KAMPALA: Uganda through the Ministry of Foreign Affairs has said it will defend its citizens and borders and refuted allegations by Rwanda that it is keeping elements that pose a security threat to its neighbour that it shares close ties over the years.
“It is false that Uganda hosts an elements fighting Rwanda. Rwanda knows this very well as it has been a matter of confidential communication at the highest level of the two countries,” Sam K. Kutesa said on Tuesday in a press release.
Days ago, Kutesa’s Rwandan counterpart, Richard Sezibera accused Uganda of hosting Rwandan dissidents fighting the country, an accusation that made Rwanda close its borders with Uganda, a situation that has stopped traffic flow between the two countries for days now.
Kutesa in the latest statement said Uganda does not and cannot allow anyone to operate within its territory to destabilise its neighbours.
“We are fully aware that our own development and transformation cannot take place without peace and security in the region,” the minister said, adding that it the reason why Uganda has continued to collaborate with others through regional frameworks like the EAC, IGAD and ICGLR.
On the alleged arrest, torture and harassment of Rwandans living in Uganda, the minister said it is not true. “It is well known that Uganda welcomes and maintains an open door policy for people of all nationalities, including Rwandans wishing to visit the country, “Kutesa said.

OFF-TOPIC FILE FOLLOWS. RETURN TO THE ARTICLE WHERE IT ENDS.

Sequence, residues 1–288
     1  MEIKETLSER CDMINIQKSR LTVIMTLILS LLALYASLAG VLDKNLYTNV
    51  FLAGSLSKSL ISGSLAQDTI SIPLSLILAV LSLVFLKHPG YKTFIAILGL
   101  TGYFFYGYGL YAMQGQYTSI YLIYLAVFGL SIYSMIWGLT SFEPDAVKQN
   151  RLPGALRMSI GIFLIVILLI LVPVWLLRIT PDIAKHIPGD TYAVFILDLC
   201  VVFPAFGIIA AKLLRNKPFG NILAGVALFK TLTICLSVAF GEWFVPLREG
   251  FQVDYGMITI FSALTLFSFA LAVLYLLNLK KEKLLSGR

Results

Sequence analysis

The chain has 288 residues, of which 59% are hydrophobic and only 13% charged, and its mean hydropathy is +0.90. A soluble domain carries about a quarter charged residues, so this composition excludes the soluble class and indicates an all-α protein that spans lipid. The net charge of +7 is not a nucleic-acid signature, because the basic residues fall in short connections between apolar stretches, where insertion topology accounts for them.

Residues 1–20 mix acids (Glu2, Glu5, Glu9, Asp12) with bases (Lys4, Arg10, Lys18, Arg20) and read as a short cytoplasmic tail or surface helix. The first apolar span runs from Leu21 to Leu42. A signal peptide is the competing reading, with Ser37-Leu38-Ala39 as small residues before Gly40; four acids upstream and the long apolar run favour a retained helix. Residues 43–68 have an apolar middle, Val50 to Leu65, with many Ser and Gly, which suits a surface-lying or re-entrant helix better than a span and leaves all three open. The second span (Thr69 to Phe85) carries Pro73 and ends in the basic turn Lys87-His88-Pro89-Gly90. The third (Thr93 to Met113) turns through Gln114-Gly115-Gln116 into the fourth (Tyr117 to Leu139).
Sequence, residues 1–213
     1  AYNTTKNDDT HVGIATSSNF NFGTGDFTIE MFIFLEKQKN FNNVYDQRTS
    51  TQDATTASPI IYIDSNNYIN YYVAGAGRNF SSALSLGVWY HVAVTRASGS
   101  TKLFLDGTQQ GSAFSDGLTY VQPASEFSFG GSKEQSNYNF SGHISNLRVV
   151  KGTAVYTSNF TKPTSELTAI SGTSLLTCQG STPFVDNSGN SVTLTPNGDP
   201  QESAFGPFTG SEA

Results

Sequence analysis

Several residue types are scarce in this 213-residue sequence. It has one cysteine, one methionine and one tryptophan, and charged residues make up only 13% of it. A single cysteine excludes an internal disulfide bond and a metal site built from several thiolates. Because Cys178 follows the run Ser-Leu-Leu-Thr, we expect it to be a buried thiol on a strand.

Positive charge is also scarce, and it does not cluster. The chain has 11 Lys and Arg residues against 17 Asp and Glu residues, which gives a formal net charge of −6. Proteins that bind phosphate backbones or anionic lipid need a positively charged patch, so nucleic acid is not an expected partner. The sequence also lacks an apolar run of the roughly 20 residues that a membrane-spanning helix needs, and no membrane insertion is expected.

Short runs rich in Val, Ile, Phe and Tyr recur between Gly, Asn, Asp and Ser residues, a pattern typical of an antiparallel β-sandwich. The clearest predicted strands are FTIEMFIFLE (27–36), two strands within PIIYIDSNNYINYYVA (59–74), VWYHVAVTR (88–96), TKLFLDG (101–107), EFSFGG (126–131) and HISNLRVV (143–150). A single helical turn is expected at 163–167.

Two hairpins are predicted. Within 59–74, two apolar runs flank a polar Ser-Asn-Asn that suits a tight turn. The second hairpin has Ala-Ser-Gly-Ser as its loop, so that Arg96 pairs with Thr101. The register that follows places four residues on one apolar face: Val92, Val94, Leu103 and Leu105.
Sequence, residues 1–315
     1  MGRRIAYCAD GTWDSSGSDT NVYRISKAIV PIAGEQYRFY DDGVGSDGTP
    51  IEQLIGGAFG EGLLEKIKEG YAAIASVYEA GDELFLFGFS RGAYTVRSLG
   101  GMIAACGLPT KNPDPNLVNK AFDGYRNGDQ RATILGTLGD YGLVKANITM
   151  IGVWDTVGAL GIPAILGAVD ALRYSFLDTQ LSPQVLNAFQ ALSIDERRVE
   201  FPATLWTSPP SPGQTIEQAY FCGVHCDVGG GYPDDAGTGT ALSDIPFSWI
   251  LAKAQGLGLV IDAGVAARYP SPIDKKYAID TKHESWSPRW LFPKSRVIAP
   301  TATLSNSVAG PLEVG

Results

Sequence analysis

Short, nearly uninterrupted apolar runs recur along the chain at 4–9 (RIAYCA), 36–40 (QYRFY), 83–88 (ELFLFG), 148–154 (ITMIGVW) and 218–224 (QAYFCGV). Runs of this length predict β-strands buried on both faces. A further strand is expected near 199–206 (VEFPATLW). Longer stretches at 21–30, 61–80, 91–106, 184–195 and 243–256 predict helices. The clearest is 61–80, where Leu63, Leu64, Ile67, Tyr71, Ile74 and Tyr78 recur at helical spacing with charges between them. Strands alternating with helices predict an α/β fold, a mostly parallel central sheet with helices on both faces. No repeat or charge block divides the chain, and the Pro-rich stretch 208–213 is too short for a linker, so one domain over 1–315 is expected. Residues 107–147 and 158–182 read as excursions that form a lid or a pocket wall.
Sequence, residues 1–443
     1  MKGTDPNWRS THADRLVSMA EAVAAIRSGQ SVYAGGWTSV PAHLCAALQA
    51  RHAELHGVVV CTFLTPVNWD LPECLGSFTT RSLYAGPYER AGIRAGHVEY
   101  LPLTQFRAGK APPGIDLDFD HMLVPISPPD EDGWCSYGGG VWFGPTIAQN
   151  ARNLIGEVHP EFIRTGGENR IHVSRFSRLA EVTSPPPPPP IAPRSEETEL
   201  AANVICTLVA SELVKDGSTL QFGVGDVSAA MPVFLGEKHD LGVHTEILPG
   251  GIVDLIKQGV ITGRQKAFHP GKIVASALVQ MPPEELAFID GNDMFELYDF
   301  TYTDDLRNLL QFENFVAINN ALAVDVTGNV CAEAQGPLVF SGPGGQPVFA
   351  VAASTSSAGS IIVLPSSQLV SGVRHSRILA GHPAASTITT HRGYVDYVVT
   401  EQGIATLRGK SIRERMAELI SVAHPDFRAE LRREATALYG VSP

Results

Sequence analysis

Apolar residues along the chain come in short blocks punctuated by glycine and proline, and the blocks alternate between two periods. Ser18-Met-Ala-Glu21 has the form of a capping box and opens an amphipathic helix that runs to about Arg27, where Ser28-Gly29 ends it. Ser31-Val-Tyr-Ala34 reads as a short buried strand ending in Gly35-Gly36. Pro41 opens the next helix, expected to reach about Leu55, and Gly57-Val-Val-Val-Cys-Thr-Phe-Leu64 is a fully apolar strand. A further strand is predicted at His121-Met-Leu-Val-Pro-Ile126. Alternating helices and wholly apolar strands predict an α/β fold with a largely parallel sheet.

However the minister said Ugandan expects all visitors to be law abiding. Those who act to the contrary, the minister said, are dealt with according to the law. “Therefore anyone including Rwandans visiting Uganda have nothing to fear, if they are law abiding,” he said.
The minister further said the government of Uganda was committed to protecting the security of its citizens and its borders and that it will act accordingly against local or foreign threats.
On restricting of business between Uganda and Rwanda, Kutesa said it has affected movement of goods and people which he said has further harmed the two economies and social interaction, especially under the East African Community framework whereby regional integration is emphasised.
This is not the first time that the two countries led by military generals Yoweri Museveni and Paul Kagame have had a misunderstanding. They have in the past accused each other of keeping dissidents that destabilise either of the countries.
The two countries clashed in the DR Congo in 2001, leaving scores of soldiers on each side dead. The two have beefed up security at border points.